We put the Fulcrum Racing Quattro Carbon wheels through six months of testing
If you’re looking to upgrade to carbon-fibre wheels, then it can be tempting to go for either something really lightweight for climbing, or some deep section wheels for aero gains. However, the Fulcrum Racing Quattro Carbon wheels provide a good middle ground if you want the best of both worlds.
The Fulcrum Racing Quattro Carbon wheels have been around for a little while now, but have been updated for 2016 to bring them more up to date with modern wheel trends. The biggest change here is that they have been given wider rims, with a 17mm internal width and a 24.5mm external width.
What that means is that the rims have been designed to work perfectly with wider tyres. According to the European Tyre and Rim Technical Organisation (ETRTO), the minimum width of tyre that you should use with a 17mm rim is 25mm, while the maximum is a whopping 52mm. Good luck finding a road bike with enough tyre clearance for those!
I ran the Fulcrum Racing Quattro Carbon wheels both with my usual 25mm Continental GP4000S II tyres and with 27mm Challenge Paris-Roubaix tyres (which were more like 29mm or 30mm tyres when mounted), and was impressed whatever my choice of rubber. Having the wider rim not only means a slight aerodynamic advantage as the sidewalls sit flush against the rim, but also means that you can have a greater volume of air in the tyre at any given pressure, meaning a more comfortable ride, especially when compared to some other carbon wheels.
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So these are comfortable wheels, but, let’s be honest, if you’re blowing a grand on a posh pair of carbon hoops, you should be demanding more than just comfort. Thankfully the Fulcrum Racing Quattro Carbon wheels deliver the goods.
With a 40mm deep rim, these can best be describe as mid-section rather than deep section wheels, but I still felt a slight aerodynamic benefit when cruising along north of 20mph, having to put in that little bit less effort than if I had been using shallower rims.
Of course if you’re after a full-on race wheel, then it might be tempting to go for a deeper rim that will offer better aerodynamic performance. However, I felt that the Fulcrum Racing Quattro Carbon wheels provided a more balanced option as they performed well when the wind was behind or in front of me, but, despite being quite a light rider, I never struggled to control the front end when riding in crosswinds.
I was also impressed by the stiffness of the rim. Sharp accelerations and sprints were handled with the greatest ease, and even when running the brakes incredibly close to the rim and using these wheels on bikes with the stiffest of rear ends, I never suffered from any sort of brake rub.
The final thing to discuss with the rims is the braking. As is the case with most of Fulcrum’s high end offerings, the Fulcrum Racing Quattro Carbon wheels feature the “3Diamant” braking surface treatment technology, which the Italian company says brings the braking performance close to that of an aluminium rim.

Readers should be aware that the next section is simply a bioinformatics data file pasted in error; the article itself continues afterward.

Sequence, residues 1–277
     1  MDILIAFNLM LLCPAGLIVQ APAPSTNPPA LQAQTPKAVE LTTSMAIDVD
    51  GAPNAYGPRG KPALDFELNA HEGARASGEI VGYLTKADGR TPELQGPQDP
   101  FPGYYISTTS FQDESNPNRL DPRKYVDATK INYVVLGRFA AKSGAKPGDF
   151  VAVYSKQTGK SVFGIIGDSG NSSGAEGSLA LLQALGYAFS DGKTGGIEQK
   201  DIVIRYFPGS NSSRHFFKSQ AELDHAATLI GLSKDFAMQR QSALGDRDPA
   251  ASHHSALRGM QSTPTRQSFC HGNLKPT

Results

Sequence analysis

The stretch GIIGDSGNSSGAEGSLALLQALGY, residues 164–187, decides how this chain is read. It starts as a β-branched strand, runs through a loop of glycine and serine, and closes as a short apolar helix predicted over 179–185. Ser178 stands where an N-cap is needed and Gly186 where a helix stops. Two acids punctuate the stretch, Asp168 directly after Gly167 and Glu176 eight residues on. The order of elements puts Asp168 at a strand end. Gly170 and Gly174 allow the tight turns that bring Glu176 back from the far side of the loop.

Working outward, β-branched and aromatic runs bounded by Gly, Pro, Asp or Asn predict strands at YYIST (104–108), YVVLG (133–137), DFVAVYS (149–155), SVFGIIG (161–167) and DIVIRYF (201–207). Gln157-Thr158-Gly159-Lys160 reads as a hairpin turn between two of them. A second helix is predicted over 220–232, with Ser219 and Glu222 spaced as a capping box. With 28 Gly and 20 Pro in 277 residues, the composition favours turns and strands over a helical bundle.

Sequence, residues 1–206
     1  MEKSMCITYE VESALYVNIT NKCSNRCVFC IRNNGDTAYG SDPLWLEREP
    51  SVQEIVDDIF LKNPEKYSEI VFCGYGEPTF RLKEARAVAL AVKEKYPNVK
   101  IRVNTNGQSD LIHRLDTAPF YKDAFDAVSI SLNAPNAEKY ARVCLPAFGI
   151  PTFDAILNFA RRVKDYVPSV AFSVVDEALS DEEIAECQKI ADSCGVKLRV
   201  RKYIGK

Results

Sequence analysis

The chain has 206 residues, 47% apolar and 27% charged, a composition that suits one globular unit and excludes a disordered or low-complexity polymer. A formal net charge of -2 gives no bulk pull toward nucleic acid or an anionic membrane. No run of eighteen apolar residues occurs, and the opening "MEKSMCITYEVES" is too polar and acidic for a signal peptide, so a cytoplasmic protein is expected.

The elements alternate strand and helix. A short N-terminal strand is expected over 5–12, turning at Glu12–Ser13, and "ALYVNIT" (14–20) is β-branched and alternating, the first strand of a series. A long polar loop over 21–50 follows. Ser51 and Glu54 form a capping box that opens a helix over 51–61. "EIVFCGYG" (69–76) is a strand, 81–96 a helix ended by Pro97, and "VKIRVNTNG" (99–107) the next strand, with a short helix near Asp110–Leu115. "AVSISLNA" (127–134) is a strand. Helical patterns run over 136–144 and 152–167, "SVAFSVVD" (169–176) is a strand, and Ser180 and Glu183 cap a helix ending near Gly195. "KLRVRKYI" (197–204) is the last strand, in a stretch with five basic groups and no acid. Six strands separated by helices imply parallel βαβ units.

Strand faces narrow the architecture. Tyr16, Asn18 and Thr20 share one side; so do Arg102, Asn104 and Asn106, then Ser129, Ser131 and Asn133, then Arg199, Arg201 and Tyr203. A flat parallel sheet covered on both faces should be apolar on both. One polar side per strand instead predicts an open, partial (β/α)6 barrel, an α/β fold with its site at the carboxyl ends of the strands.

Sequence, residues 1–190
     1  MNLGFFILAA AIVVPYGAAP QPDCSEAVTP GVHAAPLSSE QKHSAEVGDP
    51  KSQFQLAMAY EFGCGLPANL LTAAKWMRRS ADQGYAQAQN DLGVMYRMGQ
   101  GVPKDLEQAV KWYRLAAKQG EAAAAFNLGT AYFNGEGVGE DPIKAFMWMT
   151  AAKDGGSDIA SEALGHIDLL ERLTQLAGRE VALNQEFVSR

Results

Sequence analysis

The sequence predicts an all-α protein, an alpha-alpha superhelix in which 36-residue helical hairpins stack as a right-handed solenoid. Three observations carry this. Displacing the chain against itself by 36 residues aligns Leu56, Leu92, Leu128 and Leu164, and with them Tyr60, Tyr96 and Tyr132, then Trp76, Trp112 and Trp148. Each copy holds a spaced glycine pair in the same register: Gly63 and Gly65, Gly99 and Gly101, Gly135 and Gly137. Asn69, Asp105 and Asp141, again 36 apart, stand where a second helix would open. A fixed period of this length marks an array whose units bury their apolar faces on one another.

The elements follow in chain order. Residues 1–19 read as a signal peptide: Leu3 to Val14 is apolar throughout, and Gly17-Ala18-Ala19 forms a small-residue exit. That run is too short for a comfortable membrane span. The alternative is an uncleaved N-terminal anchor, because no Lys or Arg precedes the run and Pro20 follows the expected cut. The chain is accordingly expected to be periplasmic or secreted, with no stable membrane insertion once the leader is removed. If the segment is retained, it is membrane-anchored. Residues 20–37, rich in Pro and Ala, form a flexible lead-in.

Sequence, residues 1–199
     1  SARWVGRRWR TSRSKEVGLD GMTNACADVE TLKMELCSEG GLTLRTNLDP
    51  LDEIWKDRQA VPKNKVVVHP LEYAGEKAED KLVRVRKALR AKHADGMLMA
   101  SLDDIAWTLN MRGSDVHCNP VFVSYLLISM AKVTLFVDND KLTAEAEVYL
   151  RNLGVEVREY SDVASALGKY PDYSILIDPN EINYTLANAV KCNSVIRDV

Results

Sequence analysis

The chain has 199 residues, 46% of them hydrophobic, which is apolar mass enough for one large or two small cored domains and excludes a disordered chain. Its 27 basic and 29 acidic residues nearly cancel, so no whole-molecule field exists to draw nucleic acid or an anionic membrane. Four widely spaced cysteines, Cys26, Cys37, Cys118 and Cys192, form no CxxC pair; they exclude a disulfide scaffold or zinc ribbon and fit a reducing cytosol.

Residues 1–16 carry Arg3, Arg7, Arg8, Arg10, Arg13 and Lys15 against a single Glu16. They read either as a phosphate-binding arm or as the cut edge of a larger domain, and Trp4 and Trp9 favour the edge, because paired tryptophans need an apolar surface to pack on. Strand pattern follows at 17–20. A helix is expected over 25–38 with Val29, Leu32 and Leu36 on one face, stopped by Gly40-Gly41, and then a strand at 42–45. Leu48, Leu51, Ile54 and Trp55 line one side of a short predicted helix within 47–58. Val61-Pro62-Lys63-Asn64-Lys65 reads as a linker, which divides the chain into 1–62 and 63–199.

And I have to say the braking is excellent. It’s not quite yet on a par with the best aluminium rims, but it’s not far off. There’s pad doesn’t grab at the rim as is sometimes the case with carbon braking surfaces, and performance in the wet is also very impressive with the Fulcrum pads supplied.
While many wheel manufacturers make the rim themselves before lacing it up to a hub bought in from the likes of DT Swiss, the hub on the Fulcrum Racing Quattro Carbon wheels is all Fulcrum’s own doing.
Lots of companies are beginning to use ceramic bearings in their wheelsets around this price point, but Fulcrum has decided to stick with steel bearings with these wheels. For some this might be a negative, as ceramic bearings do offer a slight performance improvement. However, ceramic bearings generally wear out quicker, and I’d personally prefer to have to put out a couple of extra watts with some steel bearings and not have to deal with worn out bearings if I choose to use these wheels year-round.
The spokes of the rear wheel are laced in a “2:1” pattern, which means that there are twice as many spokes on the drivetrain side as there are on the non-drivetrain side, while other end is held in place using magnets, with external nipples still in place to make maintenance and adjustment nice and easy.
The final thing to consider is the weight of these wheels, which is the only thing that lets them down. All in with skewers, the Fulcrum Racing Quattro Carbon wheels hit the scales at 1575g, which seems a little on the high side for a pair of mid-section carbon clinchers.
This means that you can certainly find better climbing wheels for your £1000. If you’re trying to break free out of a group or close a gap when climbing, then the accelerations could be a little quicker, especially on steeper gradients. However, I certainly wouldn’t go as far as describing these wheels as sluggish, and considering all of the other positives that the Fulcrum Racing Quattro Carbon wheels, this is not as much of a problem as it would be on other wheels.
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At 1575g for the pair, there are lighter carbon clinchers out there, but everything else about the Fulcrum Racing Quattro Carbon wheels is outstanding. The wide rims works perfectly with wider tyres to give a smooth, comfortable ride, the 40mm rim give a slight aero benefit, and they're an absolute doddle to maintain too.